was involved in a collision with another vehicle.
(Photos: Washington County Sheriff’s Office)
A collision in Aloha (about 11 miles west of downtown Portland) last night led to minor injuries and the arrest for 44-year-old Christopher Shostak. Shostak was operating his bicycle on a residential street when he became involved in a collision with a patrol car operated by a Washington County Sheriff’s Deputy.
According to the Sheriff’s Office, Shostak was bicycling eastbound on SW Blanton Road at 7:49 pm (about 30 minutes after sunset). The patrol car was headed in the opposite direction and then turned left into SW Pinewood Place. Here’s what the official police statement (titled, “Bicyclist Arrested After Crashing Into Patrol Car”) says happened next:
“It was reported that as the Sheriff’s Deputy was turning onto SW Pinewood Place, the bicyclist ran into the front of the patrol car.”
“Generally at night we expect to see lights… If someone doesn’t have lights on they lose their right of way.”
— Sgt. David Thompson, Washington County Sheriff’s Office
Shostak was thrown over the hood of the car and the impact smashed the windshield and damaged the car’s front grill. The statement also says that Shostak wasn’t wearing a helmet, didn’t have any lights on his bicycle “as required by Oregon law,” and that alcohol “may be a factor” in the collision.
After being treated at a local hospital, Shostak was arrested and lodged in County Jail for an outstanding warrant.
Sounds like an open and shut case right?
But what the police statement doesn’t mention is whether or not the Sheriff Deputy’s car made an illegal left turn prior to colliding with Shostak. As a Google Maps Streetview image shows, there are no stop signs or signals at the intersection. It would also appear that Shostak had the right of way if he was traveling eastbound and the Sheriff’s Deputy was turning left.
Even if, as the police allege, Shostak had been drinking and didn’t have a front light on his bike (which would put him in clear violation of Oregon Law — you must have a front light visible from 500 feet during “limited visibility conditions”), what about the left turn? If you turn left and hit someone, it seems a charge of unsafe left turn or failure to yield might be warranted.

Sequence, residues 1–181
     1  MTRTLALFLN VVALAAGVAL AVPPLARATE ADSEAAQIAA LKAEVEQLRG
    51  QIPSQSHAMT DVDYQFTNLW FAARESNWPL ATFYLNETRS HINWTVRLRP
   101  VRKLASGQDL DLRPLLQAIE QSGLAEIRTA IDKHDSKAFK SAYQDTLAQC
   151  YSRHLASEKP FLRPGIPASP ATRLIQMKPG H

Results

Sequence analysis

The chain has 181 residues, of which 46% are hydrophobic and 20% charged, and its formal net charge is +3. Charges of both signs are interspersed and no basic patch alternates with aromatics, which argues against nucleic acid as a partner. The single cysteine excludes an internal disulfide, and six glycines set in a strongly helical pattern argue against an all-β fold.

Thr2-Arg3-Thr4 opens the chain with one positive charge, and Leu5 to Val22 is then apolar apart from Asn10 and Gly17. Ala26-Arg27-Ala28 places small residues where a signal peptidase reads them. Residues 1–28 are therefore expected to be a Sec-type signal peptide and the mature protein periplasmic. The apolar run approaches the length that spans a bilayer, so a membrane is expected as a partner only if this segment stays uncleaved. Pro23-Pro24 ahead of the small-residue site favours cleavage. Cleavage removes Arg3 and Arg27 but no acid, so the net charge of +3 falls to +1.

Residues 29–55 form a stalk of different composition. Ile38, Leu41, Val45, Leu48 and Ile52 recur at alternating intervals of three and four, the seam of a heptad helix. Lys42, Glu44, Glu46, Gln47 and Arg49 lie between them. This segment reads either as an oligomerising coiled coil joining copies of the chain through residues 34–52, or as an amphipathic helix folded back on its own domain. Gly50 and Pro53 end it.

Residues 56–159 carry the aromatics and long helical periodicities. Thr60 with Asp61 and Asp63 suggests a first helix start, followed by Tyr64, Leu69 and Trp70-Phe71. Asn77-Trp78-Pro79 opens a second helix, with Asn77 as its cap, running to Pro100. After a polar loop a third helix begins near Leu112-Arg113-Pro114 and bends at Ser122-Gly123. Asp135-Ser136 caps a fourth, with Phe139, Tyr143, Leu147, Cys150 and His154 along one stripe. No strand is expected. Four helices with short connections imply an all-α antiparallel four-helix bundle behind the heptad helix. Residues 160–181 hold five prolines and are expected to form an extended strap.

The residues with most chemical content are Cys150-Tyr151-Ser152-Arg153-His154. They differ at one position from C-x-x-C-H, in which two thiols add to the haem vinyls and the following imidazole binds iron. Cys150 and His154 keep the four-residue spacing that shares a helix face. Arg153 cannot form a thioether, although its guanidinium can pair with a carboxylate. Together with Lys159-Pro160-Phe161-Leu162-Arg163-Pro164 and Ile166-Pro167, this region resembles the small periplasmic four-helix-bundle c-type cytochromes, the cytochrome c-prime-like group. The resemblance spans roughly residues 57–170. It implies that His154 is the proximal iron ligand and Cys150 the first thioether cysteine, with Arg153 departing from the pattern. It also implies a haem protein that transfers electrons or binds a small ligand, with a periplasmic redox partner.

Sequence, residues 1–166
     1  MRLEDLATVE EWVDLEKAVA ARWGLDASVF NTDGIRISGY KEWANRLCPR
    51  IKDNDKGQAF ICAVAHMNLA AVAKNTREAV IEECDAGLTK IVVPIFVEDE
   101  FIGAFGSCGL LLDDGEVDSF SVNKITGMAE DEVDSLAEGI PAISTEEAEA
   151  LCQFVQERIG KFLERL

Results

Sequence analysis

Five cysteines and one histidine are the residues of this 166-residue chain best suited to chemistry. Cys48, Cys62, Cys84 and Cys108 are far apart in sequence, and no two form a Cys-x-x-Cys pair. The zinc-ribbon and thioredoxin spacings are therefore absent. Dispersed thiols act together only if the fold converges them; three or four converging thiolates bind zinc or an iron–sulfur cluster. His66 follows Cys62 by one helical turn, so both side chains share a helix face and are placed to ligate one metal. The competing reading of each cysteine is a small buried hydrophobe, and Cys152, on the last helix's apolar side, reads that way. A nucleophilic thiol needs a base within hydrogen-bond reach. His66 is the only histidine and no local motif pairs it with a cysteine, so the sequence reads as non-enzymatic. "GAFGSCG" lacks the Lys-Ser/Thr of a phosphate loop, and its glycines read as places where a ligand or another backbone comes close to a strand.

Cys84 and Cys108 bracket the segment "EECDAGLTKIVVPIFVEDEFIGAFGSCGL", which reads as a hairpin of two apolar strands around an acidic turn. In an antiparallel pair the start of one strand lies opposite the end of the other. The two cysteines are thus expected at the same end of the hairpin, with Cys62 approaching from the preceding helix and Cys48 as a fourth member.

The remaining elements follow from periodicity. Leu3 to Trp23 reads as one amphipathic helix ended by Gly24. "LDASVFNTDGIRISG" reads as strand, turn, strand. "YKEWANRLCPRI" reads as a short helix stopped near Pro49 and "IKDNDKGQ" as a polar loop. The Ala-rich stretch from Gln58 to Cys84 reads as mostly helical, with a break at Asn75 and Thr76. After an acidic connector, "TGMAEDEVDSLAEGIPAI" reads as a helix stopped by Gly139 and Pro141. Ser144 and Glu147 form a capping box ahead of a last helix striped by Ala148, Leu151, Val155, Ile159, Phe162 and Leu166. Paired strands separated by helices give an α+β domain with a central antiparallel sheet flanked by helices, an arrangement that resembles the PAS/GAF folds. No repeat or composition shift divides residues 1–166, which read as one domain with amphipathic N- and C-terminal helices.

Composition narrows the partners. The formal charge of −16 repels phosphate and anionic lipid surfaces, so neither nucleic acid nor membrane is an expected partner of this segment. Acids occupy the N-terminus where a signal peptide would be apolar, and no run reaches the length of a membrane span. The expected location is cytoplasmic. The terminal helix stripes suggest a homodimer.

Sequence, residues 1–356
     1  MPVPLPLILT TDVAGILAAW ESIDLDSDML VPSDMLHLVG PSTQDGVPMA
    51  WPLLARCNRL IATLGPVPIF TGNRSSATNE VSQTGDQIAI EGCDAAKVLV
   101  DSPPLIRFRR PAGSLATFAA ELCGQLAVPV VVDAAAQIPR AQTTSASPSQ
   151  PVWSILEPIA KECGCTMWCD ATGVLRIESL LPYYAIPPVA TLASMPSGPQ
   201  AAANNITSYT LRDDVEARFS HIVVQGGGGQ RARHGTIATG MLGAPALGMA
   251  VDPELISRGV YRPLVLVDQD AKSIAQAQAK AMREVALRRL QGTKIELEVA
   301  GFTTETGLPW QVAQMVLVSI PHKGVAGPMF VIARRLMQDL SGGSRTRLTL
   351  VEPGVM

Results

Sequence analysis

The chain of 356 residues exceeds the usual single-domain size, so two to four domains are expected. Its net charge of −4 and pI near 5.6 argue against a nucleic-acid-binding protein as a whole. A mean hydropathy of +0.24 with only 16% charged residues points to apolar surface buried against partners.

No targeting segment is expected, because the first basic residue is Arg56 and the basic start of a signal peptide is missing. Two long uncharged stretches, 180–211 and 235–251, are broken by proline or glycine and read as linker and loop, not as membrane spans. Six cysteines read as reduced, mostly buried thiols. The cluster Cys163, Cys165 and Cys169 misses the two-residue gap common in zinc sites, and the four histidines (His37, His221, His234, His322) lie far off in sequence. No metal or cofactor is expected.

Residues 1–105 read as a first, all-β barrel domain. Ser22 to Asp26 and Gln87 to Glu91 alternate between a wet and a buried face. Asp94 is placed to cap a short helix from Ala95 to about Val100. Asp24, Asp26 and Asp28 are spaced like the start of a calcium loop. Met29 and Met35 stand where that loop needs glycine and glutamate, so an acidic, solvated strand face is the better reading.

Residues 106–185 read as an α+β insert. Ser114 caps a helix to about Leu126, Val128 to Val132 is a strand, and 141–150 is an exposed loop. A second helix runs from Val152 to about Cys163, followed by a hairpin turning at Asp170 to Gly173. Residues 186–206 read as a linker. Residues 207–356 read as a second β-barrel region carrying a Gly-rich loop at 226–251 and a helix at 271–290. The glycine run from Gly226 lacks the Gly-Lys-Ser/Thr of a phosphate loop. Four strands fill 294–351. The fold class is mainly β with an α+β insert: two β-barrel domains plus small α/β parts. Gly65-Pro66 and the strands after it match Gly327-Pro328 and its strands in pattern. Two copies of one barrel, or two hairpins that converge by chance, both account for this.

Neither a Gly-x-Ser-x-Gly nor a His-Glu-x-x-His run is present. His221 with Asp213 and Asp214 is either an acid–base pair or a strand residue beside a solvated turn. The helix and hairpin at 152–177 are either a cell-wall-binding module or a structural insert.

This incident brought up some questions for me: Did the Deputy make an unsafe left turn? Did he signal his intentions prior to the turn? Was he distracted? Does it matter?
I asked Washington County Sheriff’s Department spokesman David Thompson for more information.
Thompson wasn’t aware of the details in this collision, but he said that, “Most of the responsibility of the driver is gone if a car or bike didn’t have any lights on… Generally at night we expect to see lights… if someone doesn’t have lights on they lose their right of way.”
That was news to me. I didn’t know that a traffic violation by one party in a collision could absolve a violation by the other party.
Bike law expert and lawyer Mark Ginsberg says Thompson is partially right, but it’s not quite that black and white. Ginsberg says it’s possible for two parties in a crash to share fault. “It’s not always all or nothing,” he said this morning, “A jury or judge could look at it and say the driver is at fault for hitting the other vehicle, but the bicyclist is also 25% at fault, or whatever the case may be.”
I hope to hear back from Sgt. Thompson. He said he’d look further into my questions about the left turn. I’ll update this post when I know more.
UPDATE, 9/21 at 8:31: Here’s a follow-up statement from Sgt. Thompson after getting clarification from the Beaverton PD Traffic Division:
“The driver of the car has the obligation to yield the right of way on a left hand turn to oncoming traffic. At night, a vehicle/bicycle with no lights is basically invisible and in the left turn drivers mind there is no vehicle to yield to. The left turn driver can not be held responsible for not yielding to an invisible vehicle.”